It is Krystyna now who expresses her anger and frustration. Both men are boys, she declares, playing some absurd game for her affections. Disgusted—and fearful—for the consequences of their sport she vents her rage against her husband. Furiously, Andrzej swims away, also disappearing from sight, and she is left alone, the only stable being, and the only one able to soberly return their boat to port.
The young man, who evidently can swim, if somewhat awkwardly, returns to the boat, as Krystyna now berates him for his own version of swagger, clearly emanating from his bitterness of his poverty-stricken youth, and challenging what, for him, appears as a class difference (few Polish people in those days owned cars, let alone boats; Andrzej is a university professor). Krystyna, however, sets him straight: that, in truth, he is no different from them, that they have had to endure the same difficulties, privations which she straight-forwardly lists. In short, the young man is himself is a future Andrzej. The skiff that has circled in its movements throughout the day has been a journey for Andrzej into the past, for the boy into the hidden world that lies ahead.
At the moment, however, the young man (played by Zygmunt Malanowicz, who later appeared in over 30 films) is so stunningly beautiful that her attraction to him is nearly uncontrollable. The two release that tension through sex.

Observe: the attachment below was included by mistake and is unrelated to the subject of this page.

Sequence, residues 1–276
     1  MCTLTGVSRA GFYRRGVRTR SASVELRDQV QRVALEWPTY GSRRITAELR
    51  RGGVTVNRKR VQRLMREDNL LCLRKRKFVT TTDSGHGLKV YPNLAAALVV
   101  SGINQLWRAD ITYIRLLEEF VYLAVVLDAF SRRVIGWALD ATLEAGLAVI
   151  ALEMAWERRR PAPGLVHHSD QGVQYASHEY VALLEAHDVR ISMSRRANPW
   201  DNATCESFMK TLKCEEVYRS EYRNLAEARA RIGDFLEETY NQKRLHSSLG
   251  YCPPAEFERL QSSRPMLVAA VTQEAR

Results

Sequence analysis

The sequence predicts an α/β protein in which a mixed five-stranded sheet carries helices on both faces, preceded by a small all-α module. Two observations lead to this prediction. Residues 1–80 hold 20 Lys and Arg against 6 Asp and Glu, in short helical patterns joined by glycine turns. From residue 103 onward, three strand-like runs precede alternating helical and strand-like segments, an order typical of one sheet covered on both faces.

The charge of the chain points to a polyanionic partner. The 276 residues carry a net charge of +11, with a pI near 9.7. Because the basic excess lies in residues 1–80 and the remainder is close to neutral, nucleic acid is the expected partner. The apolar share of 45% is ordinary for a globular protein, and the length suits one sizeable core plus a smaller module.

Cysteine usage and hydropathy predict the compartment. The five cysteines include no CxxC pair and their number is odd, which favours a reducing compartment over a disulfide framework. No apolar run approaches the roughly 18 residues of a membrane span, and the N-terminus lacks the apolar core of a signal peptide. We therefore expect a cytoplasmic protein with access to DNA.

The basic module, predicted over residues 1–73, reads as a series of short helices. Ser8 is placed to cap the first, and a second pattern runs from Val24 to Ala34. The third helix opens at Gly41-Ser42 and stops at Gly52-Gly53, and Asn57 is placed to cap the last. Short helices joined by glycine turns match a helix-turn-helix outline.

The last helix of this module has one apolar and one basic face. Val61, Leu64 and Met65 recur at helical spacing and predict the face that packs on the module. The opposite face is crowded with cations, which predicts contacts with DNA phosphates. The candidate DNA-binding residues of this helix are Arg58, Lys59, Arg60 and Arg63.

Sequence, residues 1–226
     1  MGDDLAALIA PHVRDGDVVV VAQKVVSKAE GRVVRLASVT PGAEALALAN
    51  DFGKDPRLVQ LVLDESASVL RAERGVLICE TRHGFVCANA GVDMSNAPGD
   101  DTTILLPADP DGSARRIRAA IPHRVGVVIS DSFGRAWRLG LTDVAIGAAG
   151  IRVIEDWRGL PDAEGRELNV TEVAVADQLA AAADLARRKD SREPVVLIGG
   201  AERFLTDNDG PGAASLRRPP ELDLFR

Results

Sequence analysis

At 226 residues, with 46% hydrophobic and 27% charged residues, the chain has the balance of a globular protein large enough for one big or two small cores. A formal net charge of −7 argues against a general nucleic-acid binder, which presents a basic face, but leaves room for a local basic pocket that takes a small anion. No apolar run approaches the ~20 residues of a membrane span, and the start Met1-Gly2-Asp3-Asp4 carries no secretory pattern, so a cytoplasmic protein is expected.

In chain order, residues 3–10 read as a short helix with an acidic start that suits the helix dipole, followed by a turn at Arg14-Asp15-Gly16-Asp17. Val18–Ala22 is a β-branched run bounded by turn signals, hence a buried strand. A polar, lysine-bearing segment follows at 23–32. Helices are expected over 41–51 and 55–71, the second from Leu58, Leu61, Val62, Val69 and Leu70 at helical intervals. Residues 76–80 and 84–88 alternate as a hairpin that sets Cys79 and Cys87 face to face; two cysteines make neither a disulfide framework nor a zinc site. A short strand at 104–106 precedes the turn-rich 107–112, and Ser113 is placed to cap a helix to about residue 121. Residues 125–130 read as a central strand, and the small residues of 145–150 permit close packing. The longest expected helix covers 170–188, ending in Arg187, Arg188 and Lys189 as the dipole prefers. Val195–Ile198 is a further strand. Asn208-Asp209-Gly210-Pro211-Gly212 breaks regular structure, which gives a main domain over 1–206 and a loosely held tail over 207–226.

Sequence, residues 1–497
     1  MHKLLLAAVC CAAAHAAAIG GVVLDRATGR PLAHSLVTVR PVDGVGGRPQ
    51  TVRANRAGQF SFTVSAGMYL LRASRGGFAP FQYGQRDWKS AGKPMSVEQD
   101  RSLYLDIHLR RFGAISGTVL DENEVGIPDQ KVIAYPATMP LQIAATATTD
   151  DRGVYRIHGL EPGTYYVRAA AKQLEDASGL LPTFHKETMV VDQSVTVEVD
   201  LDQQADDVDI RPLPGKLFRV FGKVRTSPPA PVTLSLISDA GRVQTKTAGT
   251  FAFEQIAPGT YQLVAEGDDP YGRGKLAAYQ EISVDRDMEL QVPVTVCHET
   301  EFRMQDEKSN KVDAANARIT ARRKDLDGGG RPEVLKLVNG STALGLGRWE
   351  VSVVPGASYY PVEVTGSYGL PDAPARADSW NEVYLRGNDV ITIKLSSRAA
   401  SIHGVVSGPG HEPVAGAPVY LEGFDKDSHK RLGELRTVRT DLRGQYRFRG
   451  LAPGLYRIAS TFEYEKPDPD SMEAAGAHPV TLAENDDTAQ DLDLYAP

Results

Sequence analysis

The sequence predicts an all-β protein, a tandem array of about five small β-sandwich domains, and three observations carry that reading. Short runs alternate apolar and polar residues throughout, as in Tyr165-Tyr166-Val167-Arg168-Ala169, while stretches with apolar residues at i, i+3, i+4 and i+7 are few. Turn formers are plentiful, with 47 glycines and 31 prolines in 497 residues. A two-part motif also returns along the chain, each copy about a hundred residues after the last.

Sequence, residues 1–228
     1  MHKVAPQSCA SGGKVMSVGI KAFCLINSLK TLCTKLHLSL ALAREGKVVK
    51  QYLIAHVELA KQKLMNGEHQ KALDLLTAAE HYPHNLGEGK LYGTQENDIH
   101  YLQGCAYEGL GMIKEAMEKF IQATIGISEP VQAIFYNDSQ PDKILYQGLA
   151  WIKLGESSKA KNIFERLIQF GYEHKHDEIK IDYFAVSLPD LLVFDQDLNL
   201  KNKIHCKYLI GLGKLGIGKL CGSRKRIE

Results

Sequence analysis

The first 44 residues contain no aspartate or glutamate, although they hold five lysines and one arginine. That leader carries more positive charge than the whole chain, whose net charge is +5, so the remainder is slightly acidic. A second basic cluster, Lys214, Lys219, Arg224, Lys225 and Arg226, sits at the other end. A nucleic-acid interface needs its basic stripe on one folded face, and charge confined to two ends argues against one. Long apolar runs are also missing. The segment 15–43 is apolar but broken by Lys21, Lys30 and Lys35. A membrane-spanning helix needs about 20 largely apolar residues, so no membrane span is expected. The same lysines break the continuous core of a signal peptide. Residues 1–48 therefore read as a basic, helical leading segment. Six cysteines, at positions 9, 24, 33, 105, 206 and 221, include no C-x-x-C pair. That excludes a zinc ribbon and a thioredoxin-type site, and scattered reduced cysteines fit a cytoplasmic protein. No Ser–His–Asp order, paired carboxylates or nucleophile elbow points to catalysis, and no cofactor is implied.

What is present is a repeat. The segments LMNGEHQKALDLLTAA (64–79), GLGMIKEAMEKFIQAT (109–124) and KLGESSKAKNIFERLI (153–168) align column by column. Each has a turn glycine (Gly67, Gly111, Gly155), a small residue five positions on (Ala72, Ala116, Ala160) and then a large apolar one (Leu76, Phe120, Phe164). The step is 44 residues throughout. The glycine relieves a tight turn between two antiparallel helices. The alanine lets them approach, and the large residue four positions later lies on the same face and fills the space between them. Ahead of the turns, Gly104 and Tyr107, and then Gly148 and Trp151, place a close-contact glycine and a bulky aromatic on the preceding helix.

Entering to harbor, the boy escaping to shore before she docks, Krystyna greets Andrzej. Immediately they return to their patterned ways of life as they close up the boat and return to their car, he insisting that he will go to the police. When she finally admits that the boy swam back to the boat, he refuses to believe her, suggesting that it is she who is terrified of facing the truth. Denying this, she admits that she has had sex with the boy. Andrzej rejects her statements as a cover. Yet as their car reaches the fork in the road where they will turn either to the police station or home, Andrzej stops the automobile, clearly unable to make a decision. The camera pans away from them, their car remaining in place as the screen blackens. Either he must face his own criminal behavior or the new future with which she has presented him.
- Directed by Roman Polanski
- Produced by Stanislaw Zylewicz
- Written by Jerzy Skolimowski; Roman Polanski & Jakub Goldberg
- Casting: Leon Niemczyk; Jolanta Umecka & Zygmunt Malanowicz
- Voice over: Roman Polanski & Anna Ciepielewska
- Music by Krzysztof T. Komeda
- Cinematography by Jerzy Lipman
- Editing by Halina Prugar-Ketling
- Distributed by Zespol Filmowy (Poland) & Kanawha Films Ltd (USA)
- Release dates: 9 March 1962
- Run time of 94 minutes
- Country: Poland
- Language: Polish